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Nerf As An Analogy For The Expanding Universe


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#1 Viper

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Posted 07 December 2004 - 08:49 PM

"Nerf Theory"

If you look throughout the site, they extend the analogy of the nerf ball to amazing limits describing variable speed of light theories as well as the expanding universe as a nerf ball.

Edited by Viper, 07 December 2004 - 08:53 PM.

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#2 taita cakes

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Posted 07 December 2004 - 08:57 PM

That was . . . errrrrrrrrrrr . . . deep . . .

That's about it.
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#3 Viper

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Posted 07 December 2004 - 09:02 PM

I was amazed how far they took the analogy. It wasn't like "Imagine the expanding universe as a nerf ball" and forget it from there, every aspect of the physical theory was explained using a nerf ball.

Edited by Viper, 07 December 2004 - 09:02 PM.

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#4 Black Wrath

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Posted 07 December 2004 - 09:08 PM

I'm scared now...

These guys are insanely sane. Like, wow.
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#5 Ender

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Posted 08 December 2004 - 09:35 AM

Or like saying they are so insane they’re crazy, either way an interesting concept.
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#6 VACC

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Posted 08 December 2004 - 11:05 AM

That's very cool. For anyone who's read a Brief History of Time ( or those of you who are far more academic than I and have read the more advanced volumes), I think you'd agree that Hawking could have used a little more nerf...

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#7 Fuse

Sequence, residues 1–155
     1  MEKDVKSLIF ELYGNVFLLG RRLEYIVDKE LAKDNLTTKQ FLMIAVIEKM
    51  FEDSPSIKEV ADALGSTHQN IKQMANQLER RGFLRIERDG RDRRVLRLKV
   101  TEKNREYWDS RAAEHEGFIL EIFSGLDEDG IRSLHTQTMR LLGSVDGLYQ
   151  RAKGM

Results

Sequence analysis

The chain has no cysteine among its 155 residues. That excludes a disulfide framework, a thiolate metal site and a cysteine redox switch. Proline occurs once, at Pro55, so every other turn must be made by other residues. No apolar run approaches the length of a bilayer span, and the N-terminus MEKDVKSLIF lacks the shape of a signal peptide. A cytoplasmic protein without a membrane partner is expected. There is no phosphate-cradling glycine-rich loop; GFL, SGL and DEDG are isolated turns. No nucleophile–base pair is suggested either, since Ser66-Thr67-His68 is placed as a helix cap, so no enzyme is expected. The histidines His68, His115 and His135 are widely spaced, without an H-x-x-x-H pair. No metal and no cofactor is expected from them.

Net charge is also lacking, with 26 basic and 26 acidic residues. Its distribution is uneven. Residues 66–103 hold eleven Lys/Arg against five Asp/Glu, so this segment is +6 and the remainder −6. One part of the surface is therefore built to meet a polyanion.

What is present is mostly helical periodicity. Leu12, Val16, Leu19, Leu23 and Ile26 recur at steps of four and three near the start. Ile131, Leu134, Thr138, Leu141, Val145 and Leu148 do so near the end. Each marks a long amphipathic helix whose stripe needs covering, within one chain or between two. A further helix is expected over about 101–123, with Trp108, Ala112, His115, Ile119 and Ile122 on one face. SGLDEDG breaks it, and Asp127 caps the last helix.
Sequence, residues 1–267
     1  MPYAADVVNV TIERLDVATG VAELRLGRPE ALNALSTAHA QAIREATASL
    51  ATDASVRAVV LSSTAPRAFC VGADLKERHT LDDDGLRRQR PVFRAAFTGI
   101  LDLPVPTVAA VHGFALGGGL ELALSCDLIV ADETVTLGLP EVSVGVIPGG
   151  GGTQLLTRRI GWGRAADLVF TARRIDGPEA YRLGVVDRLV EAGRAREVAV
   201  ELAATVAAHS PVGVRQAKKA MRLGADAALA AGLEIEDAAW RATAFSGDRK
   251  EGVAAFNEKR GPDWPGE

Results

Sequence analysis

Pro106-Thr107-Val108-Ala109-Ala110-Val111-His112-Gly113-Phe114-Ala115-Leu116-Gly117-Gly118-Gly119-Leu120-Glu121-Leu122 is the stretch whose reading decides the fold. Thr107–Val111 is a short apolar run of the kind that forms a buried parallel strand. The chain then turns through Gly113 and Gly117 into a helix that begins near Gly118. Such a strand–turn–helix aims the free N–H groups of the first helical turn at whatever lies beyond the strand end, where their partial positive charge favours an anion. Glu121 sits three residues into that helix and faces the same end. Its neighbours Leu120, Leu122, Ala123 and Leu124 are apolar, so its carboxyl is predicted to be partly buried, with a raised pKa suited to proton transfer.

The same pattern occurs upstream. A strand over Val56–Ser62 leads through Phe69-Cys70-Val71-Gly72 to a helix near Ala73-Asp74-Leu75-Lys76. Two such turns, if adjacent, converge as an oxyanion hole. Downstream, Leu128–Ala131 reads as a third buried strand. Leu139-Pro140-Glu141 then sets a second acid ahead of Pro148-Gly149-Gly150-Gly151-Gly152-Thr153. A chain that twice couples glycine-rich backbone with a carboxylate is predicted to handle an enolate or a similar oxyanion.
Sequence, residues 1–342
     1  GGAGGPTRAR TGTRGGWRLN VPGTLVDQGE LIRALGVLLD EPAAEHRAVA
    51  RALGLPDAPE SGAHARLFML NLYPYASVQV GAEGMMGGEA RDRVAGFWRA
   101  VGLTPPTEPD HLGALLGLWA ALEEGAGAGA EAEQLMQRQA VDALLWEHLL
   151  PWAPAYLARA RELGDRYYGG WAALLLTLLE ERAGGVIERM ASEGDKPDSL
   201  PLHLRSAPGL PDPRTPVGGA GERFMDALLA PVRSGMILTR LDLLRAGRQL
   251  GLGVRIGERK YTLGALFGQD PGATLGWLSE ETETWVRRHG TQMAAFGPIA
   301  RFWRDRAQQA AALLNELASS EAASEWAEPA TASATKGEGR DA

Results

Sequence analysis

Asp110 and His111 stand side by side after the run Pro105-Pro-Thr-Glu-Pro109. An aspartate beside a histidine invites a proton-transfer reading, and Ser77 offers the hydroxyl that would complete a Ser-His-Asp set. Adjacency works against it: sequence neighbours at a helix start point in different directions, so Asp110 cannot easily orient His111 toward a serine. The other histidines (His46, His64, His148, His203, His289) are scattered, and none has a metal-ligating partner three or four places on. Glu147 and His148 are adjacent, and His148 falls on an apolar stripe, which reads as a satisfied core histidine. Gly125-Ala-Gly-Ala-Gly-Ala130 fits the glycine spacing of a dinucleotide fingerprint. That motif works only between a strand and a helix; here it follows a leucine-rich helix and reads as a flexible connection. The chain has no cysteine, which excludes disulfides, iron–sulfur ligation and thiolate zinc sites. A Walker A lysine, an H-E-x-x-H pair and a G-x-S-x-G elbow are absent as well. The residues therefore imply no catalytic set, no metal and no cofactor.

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Posted 08 December 2004 - 11:52 AM

Well, that was... Interesting. Would be better if the guy who wrote it was more up to date on theoretical physics tho. Actually, that ignores a lot of stuff. Im probably taking it too seriously.
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#8 Viper

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Posted 08 December 2004 - 02:38 PM

Not really Fuse, he addresses all the issues in theoretical physics, though his ideas were meant for an audience more accustomed to the surface level approach. If you guys want more information on theoretical physics, check out onlinephysics or places like www.wolframscience.com
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#9 Fuse

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Posted 08 December 2004 - 03:03 PM

Not really Fuse, he addresses all the issues in theoretical physics, though his ideas were meant for an audience more accustomed to the surface level approach. If you guys want more information on theoretical physics, check out onlinephysics or places like www.wolframscience.com

I didnt mean he ignored specific issues, but rather he ignores the work of his peers.
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#10 firesavage

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Posted 08 December 2004 - 07:01 PM

Riiiiiight....that's a little overdose of nerf if u see the universe as a nerf ball.
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#11 Black Wrath

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Posted 08 December 2004 - 07:55 PM

Riiiiiight....that's a little overdose of nerf if u see the universe as a nerf ball.

It's an analogy.

He's trying to help people understand his thoughts and perception using an example that most people can grasp easily. I think it's an excellent way to introduce people to his theory, because alot of people can imagine a nerf ball in their hand, and how it behaves when compressed.
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#12 Fuse

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Posted 08 December 2004 - 08:19 PM

Riiiiiight....that's a little overdose of nerf if u see the universe as a nerf ball.

It's an analogy.

He's trying to help people understand his thoughts and perception using an example that most people can grasp easily. I think it's an excellent way to introduce people to his theory, because alot of people can imagine a nerf ball in their hand, and how it behaves when compressed.

Yup, physics in my oppinion require a simple visible description. All the great theoretical breakthroughs have had a simple visual. Heck, Einstein though up the visual model for his theorys then worked the math.
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#13 Viper

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Posted 09 December 2004 - 02:33 PM

Yes, the common rising cupcake or cake or dots on a balloon example only takes place in 2 dimensions while a nerf ball's "cells" could explain it in 3 dimensions. Also, the closed cell network of polymer inside the nerf ball is excellent for describing things like Penrose's Spin Network or other node-based descriptions of the universe.
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